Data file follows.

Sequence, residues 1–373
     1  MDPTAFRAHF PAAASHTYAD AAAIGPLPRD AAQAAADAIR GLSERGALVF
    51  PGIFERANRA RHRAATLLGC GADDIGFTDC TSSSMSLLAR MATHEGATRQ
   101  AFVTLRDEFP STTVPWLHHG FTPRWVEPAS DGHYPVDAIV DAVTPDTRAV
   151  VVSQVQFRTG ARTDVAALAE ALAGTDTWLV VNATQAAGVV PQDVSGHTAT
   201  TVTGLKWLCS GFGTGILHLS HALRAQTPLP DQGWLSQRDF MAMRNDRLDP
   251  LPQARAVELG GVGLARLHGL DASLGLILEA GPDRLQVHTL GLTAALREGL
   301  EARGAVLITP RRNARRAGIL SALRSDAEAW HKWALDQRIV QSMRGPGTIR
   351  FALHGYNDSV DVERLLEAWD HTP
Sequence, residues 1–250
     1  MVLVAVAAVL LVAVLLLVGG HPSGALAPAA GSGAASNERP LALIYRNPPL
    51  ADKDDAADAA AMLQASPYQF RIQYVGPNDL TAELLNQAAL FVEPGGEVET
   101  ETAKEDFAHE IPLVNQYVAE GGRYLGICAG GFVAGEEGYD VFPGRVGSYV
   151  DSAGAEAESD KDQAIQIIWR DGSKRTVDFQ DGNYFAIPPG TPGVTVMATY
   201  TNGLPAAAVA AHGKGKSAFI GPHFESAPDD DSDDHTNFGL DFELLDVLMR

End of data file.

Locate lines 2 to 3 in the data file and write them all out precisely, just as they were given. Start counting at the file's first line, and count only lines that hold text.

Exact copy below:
     1  MDPTAFRAHF PAAASHTYAD AAAIGPLPRD AAQAAADAIR GLSERGALVF
    51  PGIFERANRA RHRAATLLGC GADDIGFTDC TSSSMSLLAR MATHEGATRQ